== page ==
A social worker thought an 84-year-old Lawrence man was at "potential risk" of neglect a year before he died of pneumonia and complications of bedsores. But the social worker didn't follow through because the man's caregivers -- including his son, who's now charged with murdering his father by neglect -- said they wanted to care for him at home.
"I can't necessarily force my resolution or solution onto a family," state Adult Protective Services caseworker Myron Dunavan testified Friday at a preliminary hearing for the son, Timothy D. Harrell. "I might have wished for something else ... but the family had an acceptable plan."
Harrell, 44, is charged with second-degree murder and mistreating a dependent adult in connection with the Nov. 20, 2002, death of his father, Henry F. Harrell. Timothy Harrell's wife, Berdella I. Harrell, pleaded no contest Tuesday to mistreating a dependent adult, a misdemeanor.
Dunavan said he first became aware of the Harrells on Sept. 17, 2001. His office received a report alleging that Henry Harrell's caregivers were neglecting him after the elder Harrell wandered away and showed up at the Franklin County Sheriff's Office in Ottawa.
Dunavan set up a face-to-face interview with Henry, Timothy and Berdella Harrell on Oct. 16, 2001, after which he found Henry Harrell was disoriented and appeared to be incapable of taking care of himself. He said Timothy Harrell seemed to be concerned about his father, but he also noted the son seemed to have limited mental ability.
Those factors led Dunavan to find that the neglect allegation was "unconfirmed with potential risk," he testified.
Dunavan drafted a plan for the Harrells: They would follow through with medical appointments and take steps to get Henry Harrell approved for admittance to a nursing home, and Dunavan would examine the issue of granting a legal guardian who could make medical and financial decisions about the elder Harrell.
However, when he telephoned the Harrells in early December to follow up on the plan, they told him that Berdella, a certified nurse's assistant, would be staying home 24 hours a day to take care of Henry. They said they didn't want to take part in Dunavan's plan, and in February 2002 Dunavan's office closed the case, he testified.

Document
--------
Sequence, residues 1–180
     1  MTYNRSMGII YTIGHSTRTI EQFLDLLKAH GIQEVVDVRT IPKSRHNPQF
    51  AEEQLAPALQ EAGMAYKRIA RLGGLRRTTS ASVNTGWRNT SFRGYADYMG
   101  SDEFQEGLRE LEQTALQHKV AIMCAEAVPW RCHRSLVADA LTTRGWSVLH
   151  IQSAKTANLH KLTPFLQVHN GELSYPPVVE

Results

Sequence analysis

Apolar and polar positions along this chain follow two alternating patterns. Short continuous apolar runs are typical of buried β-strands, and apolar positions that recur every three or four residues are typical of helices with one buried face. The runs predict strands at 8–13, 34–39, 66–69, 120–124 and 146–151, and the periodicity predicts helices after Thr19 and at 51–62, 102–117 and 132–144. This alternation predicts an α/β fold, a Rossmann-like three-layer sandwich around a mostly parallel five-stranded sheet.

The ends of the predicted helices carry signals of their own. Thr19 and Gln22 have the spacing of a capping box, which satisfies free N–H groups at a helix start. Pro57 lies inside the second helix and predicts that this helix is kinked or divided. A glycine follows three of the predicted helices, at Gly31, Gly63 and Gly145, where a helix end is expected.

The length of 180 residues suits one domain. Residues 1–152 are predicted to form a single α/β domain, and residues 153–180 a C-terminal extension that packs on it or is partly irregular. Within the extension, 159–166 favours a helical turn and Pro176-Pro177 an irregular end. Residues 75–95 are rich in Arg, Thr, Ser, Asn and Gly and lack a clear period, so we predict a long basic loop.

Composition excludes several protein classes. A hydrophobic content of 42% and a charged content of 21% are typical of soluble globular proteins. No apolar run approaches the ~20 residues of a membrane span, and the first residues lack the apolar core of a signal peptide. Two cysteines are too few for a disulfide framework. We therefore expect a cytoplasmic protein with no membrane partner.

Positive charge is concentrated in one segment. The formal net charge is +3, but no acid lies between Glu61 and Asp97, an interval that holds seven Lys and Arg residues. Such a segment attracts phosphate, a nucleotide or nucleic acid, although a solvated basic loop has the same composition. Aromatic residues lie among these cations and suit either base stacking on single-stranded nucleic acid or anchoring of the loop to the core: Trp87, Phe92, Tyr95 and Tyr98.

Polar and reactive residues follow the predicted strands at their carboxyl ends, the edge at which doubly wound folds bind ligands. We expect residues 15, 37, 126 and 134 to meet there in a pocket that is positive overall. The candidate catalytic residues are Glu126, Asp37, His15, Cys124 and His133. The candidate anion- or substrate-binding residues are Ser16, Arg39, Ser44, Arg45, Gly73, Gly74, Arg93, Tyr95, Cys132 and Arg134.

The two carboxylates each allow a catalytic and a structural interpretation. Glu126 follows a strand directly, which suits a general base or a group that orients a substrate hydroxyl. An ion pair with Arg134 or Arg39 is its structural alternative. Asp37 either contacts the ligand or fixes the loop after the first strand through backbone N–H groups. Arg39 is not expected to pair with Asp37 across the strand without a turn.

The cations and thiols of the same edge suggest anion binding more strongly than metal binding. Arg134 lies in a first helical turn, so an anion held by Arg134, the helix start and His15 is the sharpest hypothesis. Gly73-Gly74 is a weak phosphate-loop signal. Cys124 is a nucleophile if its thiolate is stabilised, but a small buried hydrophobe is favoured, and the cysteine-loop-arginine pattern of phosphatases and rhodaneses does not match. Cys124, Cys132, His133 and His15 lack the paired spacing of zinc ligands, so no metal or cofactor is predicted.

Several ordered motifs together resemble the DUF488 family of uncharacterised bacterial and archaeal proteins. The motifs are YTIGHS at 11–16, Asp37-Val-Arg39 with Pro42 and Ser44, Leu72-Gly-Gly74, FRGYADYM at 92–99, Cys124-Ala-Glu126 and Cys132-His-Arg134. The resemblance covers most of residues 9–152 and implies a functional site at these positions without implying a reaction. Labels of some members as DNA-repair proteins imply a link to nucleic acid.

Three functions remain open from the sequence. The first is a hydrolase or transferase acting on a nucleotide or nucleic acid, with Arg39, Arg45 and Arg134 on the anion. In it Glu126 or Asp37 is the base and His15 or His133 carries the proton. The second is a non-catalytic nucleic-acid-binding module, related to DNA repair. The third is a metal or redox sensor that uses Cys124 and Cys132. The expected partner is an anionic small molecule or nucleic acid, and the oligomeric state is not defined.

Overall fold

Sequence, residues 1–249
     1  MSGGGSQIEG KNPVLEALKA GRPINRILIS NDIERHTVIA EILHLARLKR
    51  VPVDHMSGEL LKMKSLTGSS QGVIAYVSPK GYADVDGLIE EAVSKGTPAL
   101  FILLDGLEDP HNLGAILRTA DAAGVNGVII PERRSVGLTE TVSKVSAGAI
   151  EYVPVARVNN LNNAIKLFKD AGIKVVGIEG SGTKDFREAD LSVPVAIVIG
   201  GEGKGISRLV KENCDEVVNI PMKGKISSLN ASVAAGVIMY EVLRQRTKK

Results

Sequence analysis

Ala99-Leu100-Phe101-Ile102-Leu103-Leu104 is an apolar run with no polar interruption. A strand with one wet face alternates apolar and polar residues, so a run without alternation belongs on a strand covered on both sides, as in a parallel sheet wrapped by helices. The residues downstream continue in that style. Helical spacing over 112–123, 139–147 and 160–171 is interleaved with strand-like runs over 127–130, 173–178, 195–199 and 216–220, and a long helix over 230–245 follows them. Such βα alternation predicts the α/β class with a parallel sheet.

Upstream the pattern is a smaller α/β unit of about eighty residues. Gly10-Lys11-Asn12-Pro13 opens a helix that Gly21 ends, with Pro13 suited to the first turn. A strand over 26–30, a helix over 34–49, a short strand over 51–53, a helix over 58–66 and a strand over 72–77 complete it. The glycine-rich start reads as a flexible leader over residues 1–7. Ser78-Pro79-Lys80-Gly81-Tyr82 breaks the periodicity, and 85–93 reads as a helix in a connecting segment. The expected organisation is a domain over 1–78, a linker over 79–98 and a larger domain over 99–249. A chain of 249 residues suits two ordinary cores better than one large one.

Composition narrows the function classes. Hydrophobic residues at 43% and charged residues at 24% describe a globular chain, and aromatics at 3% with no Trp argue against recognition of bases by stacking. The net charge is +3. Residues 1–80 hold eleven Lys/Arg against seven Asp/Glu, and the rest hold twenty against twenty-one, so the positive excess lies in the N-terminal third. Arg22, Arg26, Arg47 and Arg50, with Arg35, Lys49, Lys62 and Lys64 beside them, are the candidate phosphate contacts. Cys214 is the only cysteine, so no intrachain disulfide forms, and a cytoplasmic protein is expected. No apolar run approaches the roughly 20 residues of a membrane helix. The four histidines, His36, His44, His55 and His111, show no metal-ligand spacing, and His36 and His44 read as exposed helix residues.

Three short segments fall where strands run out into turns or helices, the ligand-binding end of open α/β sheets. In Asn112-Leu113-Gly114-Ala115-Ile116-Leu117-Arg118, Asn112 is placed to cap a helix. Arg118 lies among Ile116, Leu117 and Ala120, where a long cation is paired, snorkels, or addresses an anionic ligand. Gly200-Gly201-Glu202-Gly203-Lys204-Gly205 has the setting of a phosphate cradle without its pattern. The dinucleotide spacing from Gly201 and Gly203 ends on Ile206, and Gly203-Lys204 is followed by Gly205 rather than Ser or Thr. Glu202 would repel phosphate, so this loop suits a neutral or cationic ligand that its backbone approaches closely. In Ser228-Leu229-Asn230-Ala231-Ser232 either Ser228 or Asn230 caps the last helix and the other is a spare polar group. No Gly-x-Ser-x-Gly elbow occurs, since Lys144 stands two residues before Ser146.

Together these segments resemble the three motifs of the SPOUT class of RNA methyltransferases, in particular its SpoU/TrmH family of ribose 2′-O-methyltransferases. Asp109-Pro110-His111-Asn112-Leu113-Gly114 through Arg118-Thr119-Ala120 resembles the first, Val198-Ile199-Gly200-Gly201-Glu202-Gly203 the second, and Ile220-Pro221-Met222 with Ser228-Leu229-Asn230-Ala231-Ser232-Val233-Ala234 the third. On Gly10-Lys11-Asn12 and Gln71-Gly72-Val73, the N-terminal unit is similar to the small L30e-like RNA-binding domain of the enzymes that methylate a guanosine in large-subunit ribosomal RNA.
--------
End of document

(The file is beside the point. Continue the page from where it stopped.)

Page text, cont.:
"I was concerned," Dunavan said. "Not concerned enough to pursue forcing a guardian-conservatorship."
Dunavan said state law forced him to choose the less restrictive option whenever possible.
The next time Dunavan encountered the Harrells was Nov. 13, 2002, after Henry Harrell was admitted to Lawrence Memorial Hospital and an employee reported his condition to Adult Protective Services. By that time, Henry Harrell was malnourished and dehydrated and had deep, infected bed sores on his hips and tailbone, according to physician Gregg Stueve's testimony Friday.
Dunavan testified that when he spoke with Timothy Harrell at the hospital, he learned that the elder Harrell had stopped eating three to four weeks earlier and stopped drinking 10 days earlier.
Timothy Harrell told him he'd tried to take care of his father until the end, taking steps including using an over-the counter ointment on his father's sores, Dunavan testified. But Dunavan said he sensed Timothy Harrell knew that what he'd been doing wasn't enough.
This time, Dunavan found that both Berdella and Timothy Harrell were "confirmed perpetrators of neglect."
The preliminary hearing, which will determine whether there's enough evidence for Timothy Harrell to stand trial for murder, continues Tuesday.